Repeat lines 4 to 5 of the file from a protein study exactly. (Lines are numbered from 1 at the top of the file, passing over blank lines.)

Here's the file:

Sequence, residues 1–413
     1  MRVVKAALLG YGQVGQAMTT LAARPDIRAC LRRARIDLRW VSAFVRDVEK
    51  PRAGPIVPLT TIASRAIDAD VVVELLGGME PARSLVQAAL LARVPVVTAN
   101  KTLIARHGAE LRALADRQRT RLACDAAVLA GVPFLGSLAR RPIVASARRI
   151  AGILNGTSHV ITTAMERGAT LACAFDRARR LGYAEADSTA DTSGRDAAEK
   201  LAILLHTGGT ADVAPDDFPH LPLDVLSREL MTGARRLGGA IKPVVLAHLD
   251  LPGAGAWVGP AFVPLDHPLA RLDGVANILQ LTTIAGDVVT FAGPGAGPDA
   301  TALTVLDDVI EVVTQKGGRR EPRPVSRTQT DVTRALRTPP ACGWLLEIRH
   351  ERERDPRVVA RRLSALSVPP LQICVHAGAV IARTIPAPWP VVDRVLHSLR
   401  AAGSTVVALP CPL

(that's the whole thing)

   101  KTLIARHGAE LRALADRQRT RLACDAAVLA GVPFLGSLAR RPIVASARRI
   151  AGILNGTSHV ITTAMERGAT LACAFDRARR LGYAEADSTA DTSGRDAAEK